Life goes on: teacher-turned-entertainer finds all she needs without leaving home

Carla Clark | For The Republic Donna Browne poses for a photograph during a dress rehearsal for a Lasting Impressions production of the Sound Of Music at Mill Race Center, Columbus, Ind. Monday, April 10, 2023.

Among her earliest memories, retired 34-year educator Donna Browne recalls playing with her dolls inside her family’s modest farmhouse near Petersville.

“My dolls were my students and I was their teacher,” said Browne, known then as Donna Calvin.

“I just loved school. I loved learning and I loved all my teachers. I just knew that’s what I wanted to do,” said Browne, whose inclinations proved accurate.

She began as an elementary teacher, then moved on to junior high before completing the final stretch of her career as a guidance counselor and dean of students at Columbus East High School — all in her birthplace of Bartholomew County.

Browne grew up on the family farm on Hartsville Pike, County Road 50 North, which is east of Columbus and just west of Otter Creek Golf Course.

It’s an 83-acre crop and dairy farm that has been nurtured by three generations of the same family since 1907, last month earning a Hoosier Homestead Centennial Award from the Indiana State Department of Agriculture.

The farm was purchased by Browne’s grandparents, Frank and Nellie May Tooley, in 1907. Her parents, Sam and Grace Calvin, owned the farm from about 1939 until his death in 1971. That’s when Browne and her mother took ownership and held onto it until her mother’s 2002 death. Today, she is the last of the Tooleys to own the working farm.

Her parents moved there toward the end of the Depression, when Donna was born. The residence had no running water or electricity, and no indoor plumbing at the time.

The only child read “Dick and Jane” books — beginner readers for elementary students that debuted in 1930 — at the kitchen table using kerosene lamps to illuminate the pages. A pot-belly stove in the kitchen provided heat for the house. Water was pumped outside for the family and their animals to drink.

Eventually, improvements edged south below 25th Street, then State Road 46, and the Calvin farm connected to modern utilities, making life easier.

But the girl’s commitment to learning never changed, shining a light on a bright future for the 1957 Columbus High School graduate as a career educator.

Had she held onto early report cards, Browne thinks she knows what teachers would have added in the comments sections alongside the chart of letter grades.

“They would have said she loved learning and was obedient and shy,” Browne said. “I just wanted to follow all the rules and also do the right thing.”

Born in 1939, the same year “The Wizard of Oz” debuted, Browne concluded over the years that she — like the movie’s lead character Dorothy — believed there was “no place like home” to spend her life.

“Why leave?” Browne said, with one chapter of her life linked to the next and having the ability to mold young minds among “wonderful cohort teachers and principals.”

Browne had lived on a parcel adjacent to the family farm — close to her mother — until moving to a new ranch house on the north side of Columbus in 1991.

Feeling the aging process take hold, Grace Calvin, at age 89, went to stay with her daughter the following year.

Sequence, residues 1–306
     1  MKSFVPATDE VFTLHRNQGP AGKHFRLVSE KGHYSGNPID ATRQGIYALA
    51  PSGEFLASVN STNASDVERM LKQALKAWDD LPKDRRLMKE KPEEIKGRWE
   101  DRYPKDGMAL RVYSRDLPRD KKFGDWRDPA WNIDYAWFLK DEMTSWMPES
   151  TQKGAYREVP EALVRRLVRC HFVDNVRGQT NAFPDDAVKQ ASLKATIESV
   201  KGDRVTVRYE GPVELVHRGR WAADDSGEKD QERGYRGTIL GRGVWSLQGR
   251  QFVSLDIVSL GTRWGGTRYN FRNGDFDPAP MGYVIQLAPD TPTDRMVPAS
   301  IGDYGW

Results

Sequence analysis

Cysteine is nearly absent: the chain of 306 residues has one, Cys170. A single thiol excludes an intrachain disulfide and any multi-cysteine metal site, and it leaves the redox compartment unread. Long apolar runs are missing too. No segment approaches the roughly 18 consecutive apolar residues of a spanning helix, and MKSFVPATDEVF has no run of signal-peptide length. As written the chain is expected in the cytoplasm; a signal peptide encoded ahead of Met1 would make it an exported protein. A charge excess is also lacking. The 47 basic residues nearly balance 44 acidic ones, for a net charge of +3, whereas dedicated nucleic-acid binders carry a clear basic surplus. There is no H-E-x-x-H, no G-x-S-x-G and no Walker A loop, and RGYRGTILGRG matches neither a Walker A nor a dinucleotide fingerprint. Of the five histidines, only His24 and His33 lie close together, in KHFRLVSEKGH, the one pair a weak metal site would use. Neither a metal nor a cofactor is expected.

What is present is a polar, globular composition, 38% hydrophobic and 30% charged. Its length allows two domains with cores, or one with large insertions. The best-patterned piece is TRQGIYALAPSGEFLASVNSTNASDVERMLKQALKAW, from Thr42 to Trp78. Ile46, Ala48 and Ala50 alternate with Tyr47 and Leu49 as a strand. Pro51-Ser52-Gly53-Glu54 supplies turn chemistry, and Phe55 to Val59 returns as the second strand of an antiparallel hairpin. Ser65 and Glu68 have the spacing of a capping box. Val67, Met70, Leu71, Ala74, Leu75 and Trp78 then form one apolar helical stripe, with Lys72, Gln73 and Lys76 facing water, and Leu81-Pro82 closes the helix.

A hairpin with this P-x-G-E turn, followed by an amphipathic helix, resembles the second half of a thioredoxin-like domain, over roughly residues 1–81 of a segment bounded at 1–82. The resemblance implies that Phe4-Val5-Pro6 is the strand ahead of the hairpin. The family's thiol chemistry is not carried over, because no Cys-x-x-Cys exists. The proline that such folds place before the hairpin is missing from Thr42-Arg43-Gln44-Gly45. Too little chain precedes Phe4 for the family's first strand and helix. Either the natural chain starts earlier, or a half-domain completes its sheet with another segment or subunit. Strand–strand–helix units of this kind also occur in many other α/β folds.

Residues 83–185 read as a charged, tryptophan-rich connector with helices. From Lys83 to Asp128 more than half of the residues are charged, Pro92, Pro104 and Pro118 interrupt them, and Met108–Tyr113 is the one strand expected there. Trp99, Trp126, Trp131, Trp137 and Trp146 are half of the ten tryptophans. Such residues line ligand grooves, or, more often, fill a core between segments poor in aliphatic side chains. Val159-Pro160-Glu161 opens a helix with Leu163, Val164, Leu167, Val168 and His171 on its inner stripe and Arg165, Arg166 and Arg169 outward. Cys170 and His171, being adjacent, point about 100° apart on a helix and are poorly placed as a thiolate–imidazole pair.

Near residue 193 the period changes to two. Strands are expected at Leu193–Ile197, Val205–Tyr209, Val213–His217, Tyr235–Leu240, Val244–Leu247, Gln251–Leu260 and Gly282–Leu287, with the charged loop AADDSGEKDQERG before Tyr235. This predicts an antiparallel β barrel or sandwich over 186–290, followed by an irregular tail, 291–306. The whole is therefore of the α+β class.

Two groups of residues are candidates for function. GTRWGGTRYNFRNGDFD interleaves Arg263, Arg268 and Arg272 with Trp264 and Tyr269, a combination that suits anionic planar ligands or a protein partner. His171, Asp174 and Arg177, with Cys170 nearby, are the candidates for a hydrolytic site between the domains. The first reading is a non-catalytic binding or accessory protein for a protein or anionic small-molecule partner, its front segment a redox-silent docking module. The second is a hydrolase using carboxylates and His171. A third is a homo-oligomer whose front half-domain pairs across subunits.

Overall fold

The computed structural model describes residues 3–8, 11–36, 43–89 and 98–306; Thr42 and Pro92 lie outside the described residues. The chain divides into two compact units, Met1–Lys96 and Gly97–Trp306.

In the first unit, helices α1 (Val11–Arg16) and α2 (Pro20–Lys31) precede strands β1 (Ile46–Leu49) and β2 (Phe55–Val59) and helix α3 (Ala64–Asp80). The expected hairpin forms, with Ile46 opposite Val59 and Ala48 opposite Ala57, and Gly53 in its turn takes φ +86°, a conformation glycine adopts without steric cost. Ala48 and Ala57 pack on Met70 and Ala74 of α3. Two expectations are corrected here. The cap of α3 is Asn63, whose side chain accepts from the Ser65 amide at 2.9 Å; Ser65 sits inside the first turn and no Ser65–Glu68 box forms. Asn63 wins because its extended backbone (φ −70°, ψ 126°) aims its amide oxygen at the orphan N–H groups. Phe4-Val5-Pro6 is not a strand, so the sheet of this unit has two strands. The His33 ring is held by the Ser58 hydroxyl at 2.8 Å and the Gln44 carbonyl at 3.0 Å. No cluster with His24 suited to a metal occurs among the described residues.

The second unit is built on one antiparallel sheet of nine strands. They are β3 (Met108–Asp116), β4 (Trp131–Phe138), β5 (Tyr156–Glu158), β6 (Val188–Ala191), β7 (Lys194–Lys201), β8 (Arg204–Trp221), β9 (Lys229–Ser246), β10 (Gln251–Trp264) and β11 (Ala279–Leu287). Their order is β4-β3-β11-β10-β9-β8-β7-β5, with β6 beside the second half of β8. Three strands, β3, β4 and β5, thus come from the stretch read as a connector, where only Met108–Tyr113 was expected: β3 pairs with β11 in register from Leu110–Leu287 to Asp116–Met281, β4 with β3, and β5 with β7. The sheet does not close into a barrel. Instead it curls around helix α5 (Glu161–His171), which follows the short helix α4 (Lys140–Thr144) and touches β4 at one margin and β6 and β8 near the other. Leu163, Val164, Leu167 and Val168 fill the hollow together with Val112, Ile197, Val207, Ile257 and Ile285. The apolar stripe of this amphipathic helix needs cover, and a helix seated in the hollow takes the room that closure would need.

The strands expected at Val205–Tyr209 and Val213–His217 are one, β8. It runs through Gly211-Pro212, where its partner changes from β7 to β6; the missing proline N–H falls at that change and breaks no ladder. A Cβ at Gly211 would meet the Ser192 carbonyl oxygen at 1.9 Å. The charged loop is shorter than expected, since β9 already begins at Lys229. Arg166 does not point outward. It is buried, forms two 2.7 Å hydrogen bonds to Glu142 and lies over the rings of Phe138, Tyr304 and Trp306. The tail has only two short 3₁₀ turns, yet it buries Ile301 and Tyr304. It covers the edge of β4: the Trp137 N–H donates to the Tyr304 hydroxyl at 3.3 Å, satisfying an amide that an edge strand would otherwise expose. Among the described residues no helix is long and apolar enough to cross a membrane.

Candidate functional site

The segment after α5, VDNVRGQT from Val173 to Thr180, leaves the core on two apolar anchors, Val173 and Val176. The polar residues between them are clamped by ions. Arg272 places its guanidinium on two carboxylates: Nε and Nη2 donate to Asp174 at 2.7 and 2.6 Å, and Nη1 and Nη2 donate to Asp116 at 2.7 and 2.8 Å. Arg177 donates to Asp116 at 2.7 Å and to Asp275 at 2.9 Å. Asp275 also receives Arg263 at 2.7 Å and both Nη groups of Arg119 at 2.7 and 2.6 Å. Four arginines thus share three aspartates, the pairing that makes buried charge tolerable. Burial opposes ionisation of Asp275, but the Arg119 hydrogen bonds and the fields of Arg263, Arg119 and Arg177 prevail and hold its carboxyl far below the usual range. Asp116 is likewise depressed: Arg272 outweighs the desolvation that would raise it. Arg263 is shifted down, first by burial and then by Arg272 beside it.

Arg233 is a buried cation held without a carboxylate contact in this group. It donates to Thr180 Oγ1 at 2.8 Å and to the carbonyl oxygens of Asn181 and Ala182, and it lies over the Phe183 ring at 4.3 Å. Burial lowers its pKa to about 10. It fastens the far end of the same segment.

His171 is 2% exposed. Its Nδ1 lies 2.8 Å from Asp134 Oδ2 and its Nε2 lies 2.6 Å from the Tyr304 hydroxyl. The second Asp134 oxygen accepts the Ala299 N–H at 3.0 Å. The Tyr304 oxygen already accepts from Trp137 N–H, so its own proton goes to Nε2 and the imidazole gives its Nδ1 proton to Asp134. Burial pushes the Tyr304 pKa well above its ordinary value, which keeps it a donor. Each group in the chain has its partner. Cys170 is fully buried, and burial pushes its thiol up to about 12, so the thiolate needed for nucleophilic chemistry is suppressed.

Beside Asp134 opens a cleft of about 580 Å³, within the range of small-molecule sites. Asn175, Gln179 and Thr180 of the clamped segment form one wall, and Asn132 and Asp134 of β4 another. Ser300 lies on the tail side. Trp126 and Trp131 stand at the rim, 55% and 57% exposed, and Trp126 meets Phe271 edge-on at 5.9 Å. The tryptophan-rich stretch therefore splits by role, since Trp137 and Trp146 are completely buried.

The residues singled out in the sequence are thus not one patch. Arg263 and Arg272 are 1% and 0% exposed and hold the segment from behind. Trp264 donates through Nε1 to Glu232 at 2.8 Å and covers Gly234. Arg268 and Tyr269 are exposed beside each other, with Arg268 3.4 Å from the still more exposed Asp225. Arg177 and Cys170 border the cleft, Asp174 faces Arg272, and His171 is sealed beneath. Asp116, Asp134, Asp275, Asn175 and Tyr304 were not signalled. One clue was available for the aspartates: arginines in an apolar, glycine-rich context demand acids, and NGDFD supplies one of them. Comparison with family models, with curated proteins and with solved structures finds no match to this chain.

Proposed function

“It was just going to be a few days, but she never went home — and that was fine with me,” Browne said, sharing the residence with her mother over the final 10 years of her life until she died at age 99 in January 2002.

Later that year, Donna Browne and fellow tap-dance enthusiast Dawn Hauck began spending more time performing in front of local crowds, then expanded the size of the group and their repertoire to become Dancing D’s and Co.

That group morphed into The Lasting Impressions dance, song and drama troupe in 2004.

Early the next year, the late Janene Plumm suggested to fellow performer Browne that they consider adding a male singer she had gotten to know.

Plumm and Edmond Browne, who had lived in Columbus since 1966, had sung together in the Sandy Hook United Methodist Church choir.

“We needed a man singer and she said he had a really good voice,” said The Lasting Impressions cast director, who also learned that Ed Browne had experience in barbershop groups.

Plumm also shared that Ed Browne, after 47 years of marriage, had lost his wife to cancer three years earlier and seemed to be kind of lonely.

“We chatted for 45 minutes or more,” Donna recalled of that initial February 2005 interaction with Ed, a retired salesman, who attended a few Lasting Impressions rehearsals before agreeing to join the group.

A few months later, at a get-together for Donna’s 66th birthday, Ed — then 74 — commented: “I’m too old for you,” hinting interest in a possible relationship.

“No, you’re not,” Donna replied, sending her own signal to Ed that she may also have a personal interest in him outside of The Lasting Impressions.

On their first date, Ed and Donna had coffee and sandwiches at The Fiddlers Three restaurant and pub in Shelbyville, where Ed’s brother and sister-in-law lived, prompting a visit.

“It scared me to death that he was taking me to meet family on the first date,” recalled Donna, laughing.

Later that year, Donna Calvin — who had been single for 34 years — tied the knot with widower, Ed Browne.

Music brought them together and has kept them close these past 18 years.

Ed Browne said he admires Donna’s “drive, her intelligence, her ability to get things done and her compassion for others.”

From dreaming up shows to arranging publicity and sponsor recruitment, Donna devotes “hours and hours and hours” of time to their mutual commitment to The Lasting Impressions, Ed Browne said.

“She does it all. All I do is sing and memorize lines,” he said.